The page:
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International power in the 1950 to 1970 era was concentrated in the hands of the United States, and this helped lead international efforts in the development field to follow a within-blame causal attribution and to reinforce it as an assumption. As the U.S. corner on world power began to crack The ;'oil blackin the 1970s (at least, in the UN General Assembly), so did faith in the dominant paradigm of development. mail" of Euro-America following the Yom Kippur War in 1973 not only redistributed millions of dollars from developed to certain developing countries, but it dramatically demonstrated that developing countries could redefine the social situation of international finance. Then why not redefine the definition Starting at the Stockholm of the causes of underdevelopment?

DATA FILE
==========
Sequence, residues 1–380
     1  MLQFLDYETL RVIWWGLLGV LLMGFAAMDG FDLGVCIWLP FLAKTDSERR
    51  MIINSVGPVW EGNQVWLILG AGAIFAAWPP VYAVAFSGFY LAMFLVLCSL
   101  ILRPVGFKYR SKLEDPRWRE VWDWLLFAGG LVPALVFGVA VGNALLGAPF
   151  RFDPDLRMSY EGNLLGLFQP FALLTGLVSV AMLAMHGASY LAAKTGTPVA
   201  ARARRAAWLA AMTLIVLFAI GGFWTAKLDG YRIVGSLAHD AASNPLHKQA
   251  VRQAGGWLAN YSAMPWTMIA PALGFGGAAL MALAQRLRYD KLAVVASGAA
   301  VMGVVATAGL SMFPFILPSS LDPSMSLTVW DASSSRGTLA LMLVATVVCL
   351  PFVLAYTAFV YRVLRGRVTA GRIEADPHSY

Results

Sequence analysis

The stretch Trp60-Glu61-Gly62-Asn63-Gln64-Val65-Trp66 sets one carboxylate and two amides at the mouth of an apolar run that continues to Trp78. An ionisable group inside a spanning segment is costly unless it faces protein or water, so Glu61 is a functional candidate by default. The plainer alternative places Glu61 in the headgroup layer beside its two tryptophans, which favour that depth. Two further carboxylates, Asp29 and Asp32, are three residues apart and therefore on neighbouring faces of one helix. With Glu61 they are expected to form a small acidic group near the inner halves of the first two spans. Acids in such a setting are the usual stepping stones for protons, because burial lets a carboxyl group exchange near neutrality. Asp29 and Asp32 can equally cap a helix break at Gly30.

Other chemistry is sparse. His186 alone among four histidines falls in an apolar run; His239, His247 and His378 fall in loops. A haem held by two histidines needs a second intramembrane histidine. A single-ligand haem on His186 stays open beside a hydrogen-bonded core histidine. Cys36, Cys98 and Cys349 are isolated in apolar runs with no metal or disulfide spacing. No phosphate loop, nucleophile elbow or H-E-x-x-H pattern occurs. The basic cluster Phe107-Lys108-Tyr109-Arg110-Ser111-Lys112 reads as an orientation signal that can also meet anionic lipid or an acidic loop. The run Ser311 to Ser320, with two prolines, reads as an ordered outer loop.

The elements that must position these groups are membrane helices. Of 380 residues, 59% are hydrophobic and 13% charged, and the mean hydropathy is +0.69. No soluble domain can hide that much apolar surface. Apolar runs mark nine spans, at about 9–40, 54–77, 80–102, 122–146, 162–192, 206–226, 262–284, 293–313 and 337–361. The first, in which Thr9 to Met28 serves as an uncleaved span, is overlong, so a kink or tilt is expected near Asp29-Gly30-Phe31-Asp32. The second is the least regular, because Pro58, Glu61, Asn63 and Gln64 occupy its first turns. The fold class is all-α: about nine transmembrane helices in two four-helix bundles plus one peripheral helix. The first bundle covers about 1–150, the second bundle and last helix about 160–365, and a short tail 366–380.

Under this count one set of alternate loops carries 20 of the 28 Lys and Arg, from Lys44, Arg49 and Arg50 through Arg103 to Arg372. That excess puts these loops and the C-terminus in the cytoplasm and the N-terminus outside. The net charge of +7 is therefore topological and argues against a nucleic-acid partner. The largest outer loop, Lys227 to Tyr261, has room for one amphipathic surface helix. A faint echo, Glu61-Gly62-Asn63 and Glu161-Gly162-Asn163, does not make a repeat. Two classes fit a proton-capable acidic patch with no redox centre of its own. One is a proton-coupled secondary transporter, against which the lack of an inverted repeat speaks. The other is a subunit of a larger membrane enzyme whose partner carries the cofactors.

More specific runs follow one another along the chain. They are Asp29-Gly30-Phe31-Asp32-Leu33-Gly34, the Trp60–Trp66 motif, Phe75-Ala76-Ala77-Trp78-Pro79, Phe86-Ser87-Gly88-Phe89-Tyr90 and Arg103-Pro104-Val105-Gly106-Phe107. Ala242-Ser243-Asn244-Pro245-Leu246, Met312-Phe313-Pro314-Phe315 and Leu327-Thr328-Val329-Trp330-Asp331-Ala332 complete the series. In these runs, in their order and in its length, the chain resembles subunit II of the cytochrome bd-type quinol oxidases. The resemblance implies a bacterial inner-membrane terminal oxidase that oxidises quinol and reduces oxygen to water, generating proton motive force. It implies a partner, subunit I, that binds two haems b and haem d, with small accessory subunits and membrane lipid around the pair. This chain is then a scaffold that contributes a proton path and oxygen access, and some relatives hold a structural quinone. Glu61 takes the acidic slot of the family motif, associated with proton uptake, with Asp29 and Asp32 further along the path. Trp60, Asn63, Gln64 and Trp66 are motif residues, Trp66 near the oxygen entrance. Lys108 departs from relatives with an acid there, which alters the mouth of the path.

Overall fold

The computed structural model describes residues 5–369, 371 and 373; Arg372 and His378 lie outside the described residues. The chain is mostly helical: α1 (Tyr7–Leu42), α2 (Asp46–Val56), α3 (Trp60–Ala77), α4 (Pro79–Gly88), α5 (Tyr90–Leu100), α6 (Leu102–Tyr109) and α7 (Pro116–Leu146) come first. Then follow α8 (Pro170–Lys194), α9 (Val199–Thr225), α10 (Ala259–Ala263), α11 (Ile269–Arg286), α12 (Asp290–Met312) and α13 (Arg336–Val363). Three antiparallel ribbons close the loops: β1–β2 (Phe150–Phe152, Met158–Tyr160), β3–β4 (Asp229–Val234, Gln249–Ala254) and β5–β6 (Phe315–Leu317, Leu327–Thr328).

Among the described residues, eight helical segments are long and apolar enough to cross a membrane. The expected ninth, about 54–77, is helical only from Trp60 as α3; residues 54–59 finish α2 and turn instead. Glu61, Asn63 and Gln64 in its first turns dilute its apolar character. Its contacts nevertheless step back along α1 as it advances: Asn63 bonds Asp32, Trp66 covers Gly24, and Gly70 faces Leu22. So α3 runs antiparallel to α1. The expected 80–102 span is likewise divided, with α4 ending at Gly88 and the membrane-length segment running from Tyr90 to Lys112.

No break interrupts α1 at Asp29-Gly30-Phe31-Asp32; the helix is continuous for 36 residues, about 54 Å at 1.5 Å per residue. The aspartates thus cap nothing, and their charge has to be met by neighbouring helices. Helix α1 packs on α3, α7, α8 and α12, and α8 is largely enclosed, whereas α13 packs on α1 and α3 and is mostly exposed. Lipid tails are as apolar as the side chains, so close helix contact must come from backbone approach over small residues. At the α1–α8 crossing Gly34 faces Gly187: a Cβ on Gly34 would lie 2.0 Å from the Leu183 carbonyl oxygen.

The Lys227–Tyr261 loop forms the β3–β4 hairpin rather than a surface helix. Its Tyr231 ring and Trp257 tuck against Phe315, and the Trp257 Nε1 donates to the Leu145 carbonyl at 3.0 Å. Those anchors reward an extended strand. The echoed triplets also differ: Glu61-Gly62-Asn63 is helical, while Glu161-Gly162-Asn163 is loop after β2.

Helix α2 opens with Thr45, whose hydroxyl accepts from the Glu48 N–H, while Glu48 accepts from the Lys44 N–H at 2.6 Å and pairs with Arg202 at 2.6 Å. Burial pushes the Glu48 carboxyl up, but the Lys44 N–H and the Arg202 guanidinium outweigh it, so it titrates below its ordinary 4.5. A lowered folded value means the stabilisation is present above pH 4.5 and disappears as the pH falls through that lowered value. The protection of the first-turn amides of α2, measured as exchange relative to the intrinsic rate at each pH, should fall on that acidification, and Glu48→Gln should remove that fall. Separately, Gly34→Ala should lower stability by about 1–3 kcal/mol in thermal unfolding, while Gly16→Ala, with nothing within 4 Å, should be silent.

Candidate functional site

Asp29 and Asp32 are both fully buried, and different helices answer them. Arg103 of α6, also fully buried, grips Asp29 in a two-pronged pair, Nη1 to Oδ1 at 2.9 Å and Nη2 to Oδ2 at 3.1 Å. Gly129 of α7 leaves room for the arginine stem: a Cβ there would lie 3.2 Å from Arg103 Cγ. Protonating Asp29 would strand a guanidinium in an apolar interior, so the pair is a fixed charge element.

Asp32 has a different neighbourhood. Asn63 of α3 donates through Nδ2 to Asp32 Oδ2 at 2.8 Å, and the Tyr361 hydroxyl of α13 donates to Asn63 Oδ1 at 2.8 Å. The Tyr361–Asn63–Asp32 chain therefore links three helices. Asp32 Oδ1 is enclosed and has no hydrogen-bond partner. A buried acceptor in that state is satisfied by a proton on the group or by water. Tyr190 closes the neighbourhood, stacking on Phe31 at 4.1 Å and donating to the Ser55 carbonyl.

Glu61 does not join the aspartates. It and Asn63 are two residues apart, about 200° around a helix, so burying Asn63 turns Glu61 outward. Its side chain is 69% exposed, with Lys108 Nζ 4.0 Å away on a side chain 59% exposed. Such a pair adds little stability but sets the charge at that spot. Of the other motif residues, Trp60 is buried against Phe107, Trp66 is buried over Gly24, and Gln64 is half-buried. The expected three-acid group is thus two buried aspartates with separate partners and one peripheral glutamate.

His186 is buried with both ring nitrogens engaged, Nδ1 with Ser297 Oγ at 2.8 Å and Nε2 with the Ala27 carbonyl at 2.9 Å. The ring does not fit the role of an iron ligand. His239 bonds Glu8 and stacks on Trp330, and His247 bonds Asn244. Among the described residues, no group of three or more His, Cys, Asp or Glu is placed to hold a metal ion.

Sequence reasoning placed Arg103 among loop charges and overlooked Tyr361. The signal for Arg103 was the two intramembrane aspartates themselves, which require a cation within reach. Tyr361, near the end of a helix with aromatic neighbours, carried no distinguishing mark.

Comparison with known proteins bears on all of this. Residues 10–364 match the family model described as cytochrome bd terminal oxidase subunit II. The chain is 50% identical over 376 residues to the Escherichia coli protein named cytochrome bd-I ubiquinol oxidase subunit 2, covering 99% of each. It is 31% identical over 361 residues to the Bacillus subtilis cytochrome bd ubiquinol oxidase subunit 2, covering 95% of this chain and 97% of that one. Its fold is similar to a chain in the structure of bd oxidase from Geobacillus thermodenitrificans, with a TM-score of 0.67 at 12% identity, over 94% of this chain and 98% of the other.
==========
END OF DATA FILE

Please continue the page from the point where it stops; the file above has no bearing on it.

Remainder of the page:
Conference on the Human Environment in 1972 and carried forward at the Bucharest World Population Conference and the Rome Conference on Food in 1974, the delegates from developing nations began to collaborate in redefining the problem of underdevelopment, so that the causes of underdevelopment were seen as external to developing nations as well as within them. Small Technology and Radical Economists "Westerners as well as Western-trained planners, in the poor countries have been taught to -think of small-scale, labor-intensive operations as inefficient, as a type of investment that retards economic growth" (Owens and Shaw, 1974: 2 ) . But these prior assumptions of the dominant paradigm about the centrality of technology also began to be questioned. In China, for example, the Maoist philosophy is "not to allow the machines and their incumbent bureaucracies to control the men, but to insit that technology